October 2 - 8, 2011: Issue 26

Above: Bob aged 21, outside Customs House, 1946. 

Above: (IN Text) Bob aged 13 with his mum.

Below( l to r) Dianne (Bob's daughter), Her Excellency Governor Marie Bashir and Bob at the launching of the book The Story of Bungaree, 2011. Image copyright John Ogden.

Below: Bob with Sister Joan, 1946.

Right (In Text) with daughters Dianne and Christine after receiving Message Stick from the Budawang Tribe of Milton-Ulladulla; 'To the Guringai Tribe of the Northern Beaches', 2008.

 Bob Waterer

A few weeks ago we had the opportunity to meet a wonderful gent in Bob Waterer. His sparkling eyes, his warm and open heart and the very excellent book Nan Bosler has written, The Story of Bob Waterer and his Family 1803 – 2010, were an opportunity to learn not only of Bob’s journey of recovering a part of his family’s heritage but also to ask a few more questions to gain insights on the man himself.

You must have seen a lot of changes in the landscapes of our area through your decades of living here. Please tell us one or two that stand out most to you.
From Trams to Double Decker Buses in 1939.
Many dairy farms; Chinese and Italian market gardens; pig farms; poultry farms; small bread bakeries; orchards; ice works; blacksmiths; bread and milk deliveries to homes – given way to factories and modern homes.
The Brookvale Show each year.
Glass House Gardens at Warriewood.
The army camp at Brookvale Oval during World War 2.

You spent time in Service during WWII. Can you tell us about your experience there and one or two moments that still stand out vividly?
I served in the AIF (Australian Imperial Forces) from 26/8/43 till 27/9/46. I trained at the following camps: Greta (near Maitland, NSW); Bonegilla in Victoria (a signals training camp); Greta again; Canungra in Queensland (jungle warfare camp); Kairi on the Atherton Tablelands in Far North Queensland where I joined the 2/4th Australian Field Regiment. After 12 months there of intensive training, including amphibious landing training at Trinity Beach near Cairns, we were off for action.

On the 1st July 1945, I participated in the biggest amphibious assault against the Japanese ever undertaken by the Australian Army. That was at Balikpapan on the east coast of Borneo. I was in the first wave of landing craft to hit the beach, at 8 minutes after two waves of Alligators (amphibious vehicles) had landed.

My thoughts going in on the 10 mile trip from our boat in the barges, was that I knew that some of us would be killed and I was hoping that I would not be one of them. I luckily survived. Seven of our unit did not survive – they were killed in action.
Of the short 7 weeks of the campaign (when the war ended) I had many close shaves of being killed or wounded. Two of many that stand out were:
•On the first afternoon of the assault, 5 of our Corsair planes bombed and strafed our position, inflicting many casualties to our infantry troops. This occurred by confusing details, which often happens in wars.
•Being “pinned down” with an infantry section by a Japanese machine gun. Fortunately, the bullets were going over the top of us and not amongst us – very scary! Fortunately, a Commando unit silenced the Japanese Gun and got us out safely.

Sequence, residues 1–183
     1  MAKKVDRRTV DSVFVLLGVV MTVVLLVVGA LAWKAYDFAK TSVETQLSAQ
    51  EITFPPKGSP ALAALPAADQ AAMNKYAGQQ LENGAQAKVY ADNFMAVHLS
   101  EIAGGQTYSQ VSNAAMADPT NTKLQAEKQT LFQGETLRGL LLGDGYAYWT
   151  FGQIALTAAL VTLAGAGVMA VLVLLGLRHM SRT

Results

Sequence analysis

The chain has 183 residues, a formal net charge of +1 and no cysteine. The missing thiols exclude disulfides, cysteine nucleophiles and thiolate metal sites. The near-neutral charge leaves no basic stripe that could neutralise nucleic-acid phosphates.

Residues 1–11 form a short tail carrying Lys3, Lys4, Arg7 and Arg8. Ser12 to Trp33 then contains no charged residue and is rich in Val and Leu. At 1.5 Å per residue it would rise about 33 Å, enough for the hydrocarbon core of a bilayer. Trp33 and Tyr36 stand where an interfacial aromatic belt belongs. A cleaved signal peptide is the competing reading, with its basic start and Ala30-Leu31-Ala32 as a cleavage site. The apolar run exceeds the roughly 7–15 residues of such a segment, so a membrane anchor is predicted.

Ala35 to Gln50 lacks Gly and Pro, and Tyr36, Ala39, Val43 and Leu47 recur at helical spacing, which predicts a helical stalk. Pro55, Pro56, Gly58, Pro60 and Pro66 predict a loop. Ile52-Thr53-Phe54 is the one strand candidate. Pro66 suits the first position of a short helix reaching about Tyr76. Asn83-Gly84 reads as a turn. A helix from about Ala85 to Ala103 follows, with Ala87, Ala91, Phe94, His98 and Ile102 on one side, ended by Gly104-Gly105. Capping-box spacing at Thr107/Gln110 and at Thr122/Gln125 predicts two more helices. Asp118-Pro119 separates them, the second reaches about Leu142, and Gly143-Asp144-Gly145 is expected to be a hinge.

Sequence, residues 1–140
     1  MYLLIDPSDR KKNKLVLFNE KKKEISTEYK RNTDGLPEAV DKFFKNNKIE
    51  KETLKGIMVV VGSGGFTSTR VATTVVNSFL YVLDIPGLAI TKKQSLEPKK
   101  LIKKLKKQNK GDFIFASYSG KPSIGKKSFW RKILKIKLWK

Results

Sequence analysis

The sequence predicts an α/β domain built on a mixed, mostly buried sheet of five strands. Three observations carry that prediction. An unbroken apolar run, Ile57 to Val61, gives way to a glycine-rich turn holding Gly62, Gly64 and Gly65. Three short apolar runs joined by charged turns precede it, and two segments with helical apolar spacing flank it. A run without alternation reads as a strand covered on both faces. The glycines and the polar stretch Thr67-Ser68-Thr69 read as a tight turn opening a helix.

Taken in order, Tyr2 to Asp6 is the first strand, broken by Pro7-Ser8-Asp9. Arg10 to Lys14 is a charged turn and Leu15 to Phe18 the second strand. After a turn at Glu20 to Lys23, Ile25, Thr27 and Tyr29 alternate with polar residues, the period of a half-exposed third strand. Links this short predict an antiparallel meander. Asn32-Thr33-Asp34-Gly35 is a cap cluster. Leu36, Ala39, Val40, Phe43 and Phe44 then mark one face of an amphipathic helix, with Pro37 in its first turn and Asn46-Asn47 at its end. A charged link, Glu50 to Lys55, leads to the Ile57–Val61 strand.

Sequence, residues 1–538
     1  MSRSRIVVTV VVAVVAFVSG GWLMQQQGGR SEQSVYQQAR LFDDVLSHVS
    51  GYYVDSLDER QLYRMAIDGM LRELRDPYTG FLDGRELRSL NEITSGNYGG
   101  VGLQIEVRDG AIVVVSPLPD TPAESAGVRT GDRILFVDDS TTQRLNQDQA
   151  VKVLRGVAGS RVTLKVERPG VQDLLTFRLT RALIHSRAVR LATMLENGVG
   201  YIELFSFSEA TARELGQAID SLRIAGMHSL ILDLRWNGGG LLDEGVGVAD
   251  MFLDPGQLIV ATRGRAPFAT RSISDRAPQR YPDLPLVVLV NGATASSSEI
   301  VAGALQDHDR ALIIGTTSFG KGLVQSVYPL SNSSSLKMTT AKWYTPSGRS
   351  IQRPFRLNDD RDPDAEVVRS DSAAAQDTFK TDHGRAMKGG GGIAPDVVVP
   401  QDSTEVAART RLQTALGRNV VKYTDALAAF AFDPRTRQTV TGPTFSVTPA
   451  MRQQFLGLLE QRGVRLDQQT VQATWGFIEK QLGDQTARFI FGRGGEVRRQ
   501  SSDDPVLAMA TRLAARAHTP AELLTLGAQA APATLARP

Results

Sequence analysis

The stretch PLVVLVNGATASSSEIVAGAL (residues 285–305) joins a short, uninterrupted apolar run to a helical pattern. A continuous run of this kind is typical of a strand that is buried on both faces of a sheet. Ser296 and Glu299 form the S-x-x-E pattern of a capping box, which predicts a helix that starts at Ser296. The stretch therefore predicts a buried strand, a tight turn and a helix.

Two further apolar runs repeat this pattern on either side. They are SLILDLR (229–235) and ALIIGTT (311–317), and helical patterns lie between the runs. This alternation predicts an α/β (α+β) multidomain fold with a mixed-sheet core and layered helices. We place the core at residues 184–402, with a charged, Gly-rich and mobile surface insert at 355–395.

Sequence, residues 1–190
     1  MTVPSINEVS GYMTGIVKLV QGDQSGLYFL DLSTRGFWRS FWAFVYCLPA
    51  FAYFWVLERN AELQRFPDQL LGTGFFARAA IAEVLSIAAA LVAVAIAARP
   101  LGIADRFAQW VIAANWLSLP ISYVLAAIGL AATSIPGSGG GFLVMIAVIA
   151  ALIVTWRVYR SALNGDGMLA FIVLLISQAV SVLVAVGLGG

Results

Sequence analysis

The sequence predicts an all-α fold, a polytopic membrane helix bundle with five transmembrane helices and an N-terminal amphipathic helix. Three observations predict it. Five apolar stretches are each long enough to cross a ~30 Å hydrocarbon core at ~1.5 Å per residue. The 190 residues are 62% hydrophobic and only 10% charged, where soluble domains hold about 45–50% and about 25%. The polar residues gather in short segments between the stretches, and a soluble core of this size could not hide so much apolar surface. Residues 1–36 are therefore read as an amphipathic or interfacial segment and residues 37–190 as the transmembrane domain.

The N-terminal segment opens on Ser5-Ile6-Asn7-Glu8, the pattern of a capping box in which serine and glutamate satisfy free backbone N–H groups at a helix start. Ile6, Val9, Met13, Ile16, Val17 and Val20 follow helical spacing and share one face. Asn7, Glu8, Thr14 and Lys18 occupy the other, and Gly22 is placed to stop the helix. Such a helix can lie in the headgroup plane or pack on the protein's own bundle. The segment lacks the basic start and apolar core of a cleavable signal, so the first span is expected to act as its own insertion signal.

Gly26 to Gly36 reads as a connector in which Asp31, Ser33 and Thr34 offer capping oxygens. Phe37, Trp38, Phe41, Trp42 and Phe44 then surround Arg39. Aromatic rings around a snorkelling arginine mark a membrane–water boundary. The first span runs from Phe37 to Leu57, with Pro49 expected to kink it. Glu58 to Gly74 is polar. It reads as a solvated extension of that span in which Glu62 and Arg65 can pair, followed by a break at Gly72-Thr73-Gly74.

Your 'Welcome to Country' is spoken of as being articulate, filled with true resonance; can you tell us what this means to you? 
When I do a ‘Welcome to Country’ I always have a feeling of Pride - Proud to be of Aboriginal descent and I'm always thinking of the great life they had before the white man arrived and how they cared for this great land that we’re on today. When I pay my respects to all Tribal Elders, both past and present, I realise what great people they were and still are. Wonderful people and so badly treated.

What is your favourite place in Pittwater and why?
Scotland Island. A lot of my family history comes from Scotland Island. My mother and her 4 sisters and 2 brothers were all born on Scotland Island between 1890 and 1900. My step great grandfather owned the whole of Scotland Island around the 1850s. He was known as Joe Bens, but was actually Ambrol Joseph Dierchnect, a Belgian. My great grandmother – Joe Bens’ wife – was known as the Queen of Scotland Island from around 1850 to 1900 and did so much for the local community.

What is your 'motto for life' or a favourite phrase you have and still try to live by?
Smile and be happy. A good smile and a happy, positive disposition is better than most medicines and for those with disabilities “Get on with life as best you can with what you’ve got”, and remember to all “You only get one life – make the most of it”. And from my army days “Co-operate to conquer” and “United you stand and divided you fall”.

An Extract from The Story of Bob Waterer and his Family 1803-2010 features on our Artist of the Month page for all of October.

About Writing the Book by Nan Bosler

Pittwater Online News would like to thank Bob's daughter Dianne for all her help in putting this Profile together.

Copyright Pittwater Online News, 2011.

Images Copyright Bob Waterer and his Family, 2011.